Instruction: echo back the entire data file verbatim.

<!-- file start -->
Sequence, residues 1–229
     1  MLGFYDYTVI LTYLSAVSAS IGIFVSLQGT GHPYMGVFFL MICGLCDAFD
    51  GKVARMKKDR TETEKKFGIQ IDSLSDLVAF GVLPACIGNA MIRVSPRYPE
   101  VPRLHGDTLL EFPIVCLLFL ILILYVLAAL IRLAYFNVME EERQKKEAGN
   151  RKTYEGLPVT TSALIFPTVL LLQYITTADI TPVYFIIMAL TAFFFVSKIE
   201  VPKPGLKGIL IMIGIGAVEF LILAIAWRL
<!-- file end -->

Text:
Sequence, residues 1–229
     1  MLGFYDYTVI LTYLSAVSAS IGIFVSLQGT GHPYMGVFFL MICGLCDAFD
    51  GKVARMKKDR TETEKKFGIQ IDSLSDLVAF GVLPACIGNA MIRVSPRYPE
   101  VPRLHGDTLL EFPIVCLLFL ILILYVLAAL IRLAYFNVME EERQKKEAGN
   151  RKTYEGLPVT TSALIFPTVL LLQYITTADI TPVYFIIMAL TAFFFVSKIE
   201  VPKPGLKGIL IMIGIGAVEF LILAIAWRL